small garden obelisk with sweet peas in flower

Sweet Peas

Just over the border from us, the town of Wem hosts an annual Sweet Pea Festival and Show. A local resident, Henry Eckford became internationally famous for his work in breeding and developing new sweet pea varieties. Several varieties are named for him and his family, one of my favourites is lathyrus odoratus Dorothy Eckford, named after his daughter. 

I prefer the old fashioned, heavily scented heirloom varieties; 'Cupani' said to be the first sweet pea introduced from native Sicily. Other favourites are 'Matucana' - two tone dark pink and purple and 'Erewhon' in delicate shades of pale blue and mauve. My Mum loved sweet peas but found the heady scent made her sneeze. So she grew the Spencer and modern Grandiflora types with larger flowers but usually less scent. Our most popular packet is a mixture 'Heaven Scent' with a range of colours, highly scented. Different types for everyone - take your pick, so many to choose from.

I will cut the last few stems of my sweet peas before winter storms hit. As they come to an end after a glorious season of heady scented blooms, I am starting next year's planting. I sow my sweet peas in root-trainers, one or two to a module depending on the variety. You could use pots, sowing three or four in 3" (8cm) pot. Keep in a sheltered location outside, watch out for slugs and mice! When about 6" (15cm) tall, I pinch out the plants (nip off the growing tips of the stems) to encourage the plants to bush out. You can sow direct at the base of their growing support in the spring too, about 6" (15cm) apart.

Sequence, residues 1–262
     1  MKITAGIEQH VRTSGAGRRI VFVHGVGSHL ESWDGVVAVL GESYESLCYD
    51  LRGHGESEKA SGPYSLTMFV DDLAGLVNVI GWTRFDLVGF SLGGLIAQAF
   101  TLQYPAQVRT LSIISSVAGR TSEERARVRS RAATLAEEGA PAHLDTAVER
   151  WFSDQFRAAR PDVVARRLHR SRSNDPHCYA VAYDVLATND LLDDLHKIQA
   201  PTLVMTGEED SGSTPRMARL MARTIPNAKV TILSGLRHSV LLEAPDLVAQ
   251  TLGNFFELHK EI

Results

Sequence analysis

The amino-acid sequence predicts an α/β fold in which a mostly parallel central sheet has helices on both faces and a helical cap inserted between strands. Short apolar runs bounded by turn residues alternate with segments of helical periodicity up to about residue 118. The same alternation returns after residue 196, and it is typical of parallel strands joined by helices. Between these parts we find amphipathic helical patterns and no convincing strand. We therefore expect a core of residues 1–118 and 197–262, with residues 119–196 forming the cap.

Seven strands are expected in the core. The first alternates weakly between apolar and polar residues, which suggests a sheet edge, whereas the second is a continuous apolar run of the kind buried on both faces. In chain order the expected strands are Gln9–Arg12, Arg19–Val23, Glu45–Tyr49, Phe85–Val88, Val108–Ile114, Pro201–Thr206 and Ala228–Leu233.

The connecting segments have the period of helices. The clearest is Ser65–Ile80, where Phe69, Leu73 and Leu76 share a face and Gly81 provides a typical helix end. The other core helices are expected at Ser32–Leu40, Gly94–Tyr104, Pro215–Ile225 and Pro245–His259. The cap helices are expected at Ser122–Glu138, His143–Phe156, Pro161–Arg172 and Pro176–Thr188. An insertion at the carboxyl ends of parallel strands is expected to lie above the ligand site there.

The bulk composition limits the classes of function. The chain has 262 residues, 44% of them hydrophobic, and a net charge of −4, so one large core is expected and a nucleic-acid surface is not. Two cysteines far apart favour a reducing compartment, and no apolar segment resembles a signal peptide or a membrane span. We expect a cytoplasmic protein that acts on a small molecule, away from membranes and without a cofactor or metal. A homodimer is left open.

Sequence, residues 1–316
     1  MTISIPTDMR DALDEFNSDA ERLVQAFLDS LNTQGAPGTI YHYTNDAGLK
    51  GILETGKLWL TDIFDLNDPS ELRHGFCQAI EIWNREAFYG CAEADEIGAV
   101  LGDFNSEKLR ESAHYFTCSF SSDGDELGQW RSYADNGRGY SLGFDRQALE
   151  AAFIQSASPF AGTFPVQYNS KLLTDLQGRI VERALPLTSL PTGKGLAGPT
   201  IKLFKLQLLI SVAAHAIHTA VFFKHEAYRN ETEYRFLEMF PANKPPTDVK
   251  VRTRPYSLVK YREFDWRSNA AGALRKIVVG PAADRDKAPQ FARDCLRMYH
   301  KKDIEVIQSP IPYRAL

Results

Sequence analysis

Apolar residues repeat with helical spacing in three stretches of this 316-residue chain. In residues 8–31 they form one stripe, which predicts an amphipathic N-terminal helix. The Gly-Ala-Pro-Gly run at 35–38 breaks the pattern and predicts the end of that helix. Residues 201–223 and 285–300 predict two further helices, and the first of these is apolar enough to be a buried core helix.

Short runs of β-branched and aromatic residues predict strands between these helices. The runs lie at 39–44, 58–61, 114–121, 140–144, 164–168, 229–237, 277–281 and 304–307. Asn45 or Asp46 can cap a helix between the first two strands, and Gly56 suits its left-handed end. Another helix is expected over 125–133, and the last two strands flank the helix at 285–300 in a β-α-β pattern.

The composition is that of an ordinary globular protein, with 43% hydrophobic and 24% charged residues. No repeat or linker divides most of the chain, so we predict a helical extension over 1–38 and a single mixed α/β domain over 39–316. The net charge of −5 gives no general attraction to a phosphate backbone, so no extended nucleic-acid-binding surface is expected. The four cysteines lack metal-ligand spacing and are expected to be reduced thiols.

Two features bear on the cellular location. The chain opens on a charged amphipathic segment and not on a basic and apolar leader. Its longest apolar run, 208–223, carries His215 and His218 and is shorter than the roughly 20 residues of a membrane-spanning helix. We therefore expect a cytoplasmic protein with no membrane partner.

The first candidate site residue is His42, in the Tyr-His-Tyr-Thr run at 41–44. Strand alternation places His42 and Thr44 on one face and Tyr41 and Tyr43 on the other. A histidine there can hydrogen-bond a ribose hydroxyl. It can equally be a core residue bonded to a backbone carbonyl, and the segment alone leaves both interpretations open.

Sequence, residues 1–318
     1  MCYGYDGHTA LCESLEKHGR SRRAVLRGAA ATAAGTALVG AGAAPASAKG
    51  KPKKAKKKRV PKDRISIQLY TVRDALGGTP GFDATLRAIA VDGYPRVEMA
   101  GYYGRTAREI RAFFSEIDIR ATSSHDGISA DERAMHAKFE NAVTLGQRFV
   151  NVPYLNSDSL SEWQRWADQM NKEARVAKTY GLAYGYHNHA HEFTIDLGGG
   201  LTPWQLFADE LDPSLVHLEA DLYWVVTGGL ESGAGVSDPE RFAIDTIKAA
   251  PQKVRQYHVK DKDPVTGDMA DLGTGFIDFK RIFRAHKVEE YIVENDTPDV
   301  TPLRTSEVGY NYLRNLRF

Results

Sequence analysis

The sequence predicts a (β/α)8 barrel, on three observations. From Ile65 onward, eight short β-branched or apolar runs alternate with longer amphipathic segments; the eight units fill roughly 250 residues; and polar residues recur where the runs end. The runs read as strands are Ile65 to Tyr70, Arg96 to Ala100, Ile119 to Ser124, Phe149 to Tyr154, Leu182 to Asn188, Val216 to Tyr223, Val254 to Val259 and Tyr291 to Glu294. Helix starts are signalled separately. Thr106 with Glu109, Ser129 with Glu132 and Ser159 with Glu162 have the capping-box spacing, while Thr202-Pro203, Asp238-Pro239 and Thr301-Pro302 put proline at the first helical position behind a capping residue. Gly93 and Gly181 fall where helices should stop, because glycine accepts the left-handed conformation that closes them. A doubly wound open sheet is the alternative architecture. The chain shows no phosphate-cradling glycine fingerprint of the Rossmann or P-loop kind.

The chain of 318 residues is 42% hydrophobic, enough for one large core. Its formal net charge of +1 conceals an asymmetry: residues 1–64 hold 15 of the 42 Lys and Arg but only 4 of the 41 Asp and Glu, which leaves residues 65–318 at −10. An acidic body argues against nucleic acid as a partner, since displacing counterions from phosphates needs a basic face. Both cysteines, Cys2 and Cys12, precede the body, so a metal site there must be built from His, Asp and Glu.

When planting out in the spring I will have added organic matter (home compost from my hot-bin) at the site to improve moisture retention at their roots as sweet peas prefer their heads in the sun. They need support such as a trellis or frame.  I use an obelisk with extra strings for the vines to scramble up. 

Water the roots during dry spells, then your only task is to keep cutting the flowers.  These peas are NOT edible so keep removing dead flowers before any pods form. The more you pick the flowers, the more they will bloom.